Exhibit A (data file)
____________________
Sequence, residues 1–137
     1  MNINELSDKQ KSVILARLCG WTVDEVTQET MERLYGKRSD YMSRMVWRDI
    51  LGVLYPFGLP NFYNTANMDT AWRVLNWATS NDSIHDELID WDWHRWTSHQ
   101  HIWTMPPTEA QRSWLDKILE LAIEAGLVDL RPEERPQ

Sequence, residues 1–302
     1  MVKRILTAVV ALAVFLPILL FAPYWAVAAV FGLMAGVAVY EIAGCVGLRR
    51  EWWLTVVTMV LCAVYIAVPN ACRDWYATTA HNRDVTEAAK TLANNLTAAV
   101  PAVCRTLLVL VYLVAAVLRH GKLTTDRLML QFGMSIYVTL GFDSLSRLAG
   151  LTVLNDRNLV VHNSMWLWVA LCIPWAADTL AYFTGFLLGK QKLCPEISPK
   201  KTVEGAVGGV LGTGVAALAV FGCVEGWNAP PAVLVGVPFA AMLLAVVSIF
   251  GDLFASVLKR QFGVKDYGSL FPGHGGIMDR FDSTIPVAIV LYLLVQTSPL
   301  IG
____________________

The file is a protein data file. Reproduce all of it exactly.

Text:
Sequence, residues 1–137
     1  MNINELSDKQ KSVILARLCG WTVDEVTQET MERLYGKRSD YMSRMVWRDI
    51  LGVLYPFGLP NFYNTANMDT AWRVLNWATS NDSIHDELID WDWHRWTSHQ
   101  HIWTMPPTEA QRSWLDKILE LAIEAGLVDL RPEERPQ

Sequence, residues 1–302
     1  MVKRILTAVV ALAVFLPILL FAPYWAVAAV FGLMAGVAVY EIAGCVGLRR
    51  EWWLTVVTMV LCAVYIAVPN ACRDWYATTA HNRDVTEAAK TLANNLTAAV
   101  PAVCRTLLVL VYLVAAVLRH GKLTTDRLML QFGMSIYVTL GFDSLSRLAG
   151  LTVLNDRNLV VHNSMWLWVA LCIPWAADTL AYFTGFLLGK QKLCPEISPK
   201  KTVEGAVGGV LGTGVAALAV FGCVEGWNAP PAVLVGVPFA AMLLAVVSIF
   251  GDLFASVLKR QFGVKDYGSL FPGHGGIMDR FDSTIPVAIV LYLLVQTSPL
   301  IG